3 Persistent Myths Keeping Americans Stuck With Outdated COVID-19 Rules

3 Persistent Myths Keeping Americans Stuck With Outdated COVID-19 Rules

Here are few of the major COVID-19 narratives, the scientific perspective on the other side, and why ongoing restrictions should be reconsidered.
Cathy Stein
By

What started in March 2020 as “two weeks to flatten the curve” has turned into “14 months and counting,” depending on what part of the United States you are in.

In the beginning, relatively little was understood about the COVID-19 virus. But here we are in May 2021 with far better information about it, and still there is wide variability across the United States in restrictions. For example, there is wide variability across states regarding mask mandates.

While some states have completely lifted restrictions, others have left them up to the county or city level, or individual businesses. Some states still have capacity restrictions on businesses, others don’t. Some states are proposing to release restrictions once the vaccination rate has achieved a certain level.

Both the ongoing restrictions, as well as the variability across states, have been based on a one-sided view of the science. The other side of scientific perspective, which promotes a more balanced approach to the COVID-19 response and additional information about risk factors, has been suppressed and even vilified. This is despite tens of thousands of public health scientists promoting a different perspective, as evidenced by the Great Barrington Declaration signed by more than 13,000 public health scientists.

While government and health department leaders use words like “infallible” and “irrefutable” to describe their perspective on COVID-19, a wealth of scientific research promoted by the authors and signers of the Great Barrington Declaration tells a different story. Here, I outline a few of the major narratives of COVID-19, provide the scientific perspective on the other side, and show why ongoing restrictions should be reconsidered.

1. Asymptomatic Transmission

Mask mandates are controversial. While much has been made of the fact that while government leaders push “the power of the mask,” as Ohio Gov. Mike DeWine calls it, a substantial scientific literature shows that not only are masks not effective against viral transmission, they are also potentially harmful to one’s health (good summary here). But the critical point here is why masks are being used. That is the idea of asymptomatic spread of SARS-CoV-2—that is, healthy people who carry the virus but never show symptoms.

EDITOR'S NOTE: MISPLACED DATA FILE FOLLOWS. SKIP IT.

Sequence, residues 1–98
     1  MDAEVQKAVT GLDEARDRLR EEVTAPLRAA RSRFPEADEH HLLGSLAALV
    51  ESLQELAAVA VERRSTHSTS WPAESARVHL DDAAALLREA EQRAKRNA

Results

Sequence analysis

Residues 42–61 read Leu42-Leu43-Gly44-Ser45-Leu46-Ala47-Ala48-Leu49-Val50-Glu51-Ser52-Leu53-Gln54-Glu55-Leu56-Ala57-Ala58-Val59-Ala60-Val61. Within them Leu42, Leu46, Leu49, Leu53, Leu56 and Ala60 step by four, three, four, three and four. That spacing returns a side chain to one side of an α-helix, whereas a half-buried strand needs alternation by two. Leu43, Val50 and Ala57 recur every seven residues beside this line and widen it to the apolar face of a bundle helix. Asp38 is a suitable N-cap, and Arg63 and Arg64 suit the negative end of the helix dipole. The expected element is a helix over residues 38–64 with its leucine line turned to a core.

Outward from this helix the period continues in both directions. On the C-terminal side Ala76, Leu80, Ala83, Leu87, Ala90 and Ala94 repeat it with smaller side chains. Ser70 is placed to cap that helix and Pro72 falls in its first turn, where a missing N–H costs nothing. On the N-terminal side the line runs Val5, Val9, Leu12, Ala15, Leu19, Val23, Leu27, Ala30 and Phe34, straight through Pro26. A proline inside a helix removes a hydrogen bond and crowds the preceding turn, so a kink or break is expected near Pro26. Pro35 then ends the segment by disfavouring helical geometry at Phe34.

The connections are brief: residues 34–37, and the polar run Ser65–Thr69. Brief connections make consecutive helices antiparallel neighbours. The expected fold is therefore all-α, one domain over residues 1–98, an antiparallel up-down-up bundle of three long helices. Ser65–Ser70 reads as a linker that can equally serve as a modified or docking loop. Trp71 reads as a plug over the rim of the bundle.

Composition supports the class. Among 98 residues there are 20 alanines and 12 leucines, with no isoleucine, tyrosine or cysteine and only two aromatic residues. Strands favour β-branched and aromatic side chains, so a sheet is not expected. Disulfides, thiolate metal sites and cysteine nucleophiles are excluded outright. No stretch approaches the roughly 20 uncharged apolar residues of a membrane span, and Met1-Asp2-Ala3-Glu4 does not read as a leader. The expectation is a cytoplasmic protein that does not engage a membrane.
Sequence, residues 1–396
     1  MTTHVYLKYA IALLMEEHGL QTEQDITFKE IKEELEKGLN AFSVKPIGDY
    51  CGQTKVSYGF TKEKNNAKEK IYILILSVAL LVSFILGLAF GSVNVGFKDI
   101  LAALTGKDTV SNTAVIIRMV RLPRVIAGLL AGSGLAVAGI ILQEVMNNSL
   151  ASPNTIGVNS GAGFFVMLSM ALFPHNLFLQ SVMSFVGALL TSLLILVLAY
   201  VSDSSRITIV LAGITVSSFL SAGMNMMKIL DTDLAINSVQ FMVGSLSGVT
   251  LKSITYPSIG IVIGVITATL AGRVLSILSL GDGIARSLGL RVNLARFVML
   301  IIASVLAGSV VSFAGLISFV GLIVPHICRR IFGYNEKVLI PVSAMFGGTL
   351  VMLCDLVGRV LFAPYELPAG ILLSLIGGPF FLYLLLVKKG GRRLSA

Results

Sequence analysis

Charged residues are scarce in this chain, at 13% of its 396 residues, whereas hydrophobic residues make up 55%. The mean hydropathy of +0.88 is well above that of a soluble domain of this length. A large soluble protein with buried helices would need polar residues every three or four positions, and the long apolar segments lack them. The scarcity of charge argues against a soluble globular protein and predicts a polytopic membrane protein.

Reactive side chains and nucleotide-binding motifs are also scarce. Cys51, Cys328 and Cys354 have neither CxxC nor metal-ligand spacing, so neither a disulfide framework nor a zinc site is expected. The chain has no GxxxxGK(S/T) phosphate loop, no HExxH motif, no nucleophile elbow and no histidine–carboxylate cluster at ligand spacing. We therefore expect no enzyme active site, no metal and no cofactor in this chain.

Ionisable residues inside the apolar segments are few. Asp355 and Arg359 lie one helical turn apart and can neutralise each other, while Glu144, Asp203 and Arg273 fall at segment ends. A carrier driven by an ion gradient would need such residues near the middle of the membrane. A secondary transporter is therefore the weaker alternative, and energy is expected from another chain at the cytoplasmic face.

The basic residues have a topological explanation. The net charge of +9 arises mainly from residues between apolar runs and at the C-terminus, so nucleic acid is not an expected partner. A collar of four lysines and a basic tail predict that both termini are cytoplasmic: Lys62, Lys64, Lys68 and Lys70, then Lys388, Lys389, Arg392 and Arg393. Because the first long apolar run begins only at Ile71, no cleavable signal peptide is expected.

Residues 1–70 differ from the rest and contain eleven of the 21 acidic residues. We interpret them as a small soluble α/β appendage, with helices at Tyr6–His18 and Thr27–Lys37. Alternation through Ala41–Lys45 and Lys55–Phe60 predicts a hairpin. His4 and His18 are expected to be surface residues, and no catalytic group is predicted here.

Indeed, in the early days the COVID-19 literature was unclear on this, because many papers described transmission of “asymptomatic cases” that eventually developed symptoms. The literature eventually adopted the term “presymptomatic” for these individuals.

In addition, countless stories have been published both in the scientific literature and corporate media describing instances of transmission from asymptomatic individuals. Epidemiologically, these are best characterized as case studies—scientific documentation and characterization of clinically significant events.

Yet case studies do not capture all the situations where asymptomatic spread does not occur. This is why population-based studies carry more weight, because they enumerate situations in which asymptomatic spread both did and did not occur.

An examination of scientific articles of population-based studies that distinguished “asymptomatic” from “presymptomatic” transmission shows the transmission of SARS-CoV-2 is low (usually 0-6 percent) from asymptomatic individuals, and lower from asymptomatic individuals than from presymptomatic individuals. While one study showed a transmission rate as high as 10 percent, many studies showed rates of 0.

To be fair, some of these studies showing zero transmission were quite large, but it also inappropriate to handpick one of these studies to say “asymptomatic transmission does not exist.” While transmission from asymptomatic individuals does occur, it also occurs for influenza, but masks aren’t mandated in flu season. In short, the scientific literature does not support the idea that the majority of SARS-CoV-2 transmission comes from healthy people.

2. COVID-19’s Severity

Again, much has been made in the media about instances of people who have terrible outcomes due to COVID-19, including very severe diseases requiring hospitalization, and even death. First, this is another reminder that stories in the media represent case studies, not population-based analyses, and as stated above, that provides one perspective but not the whole picture.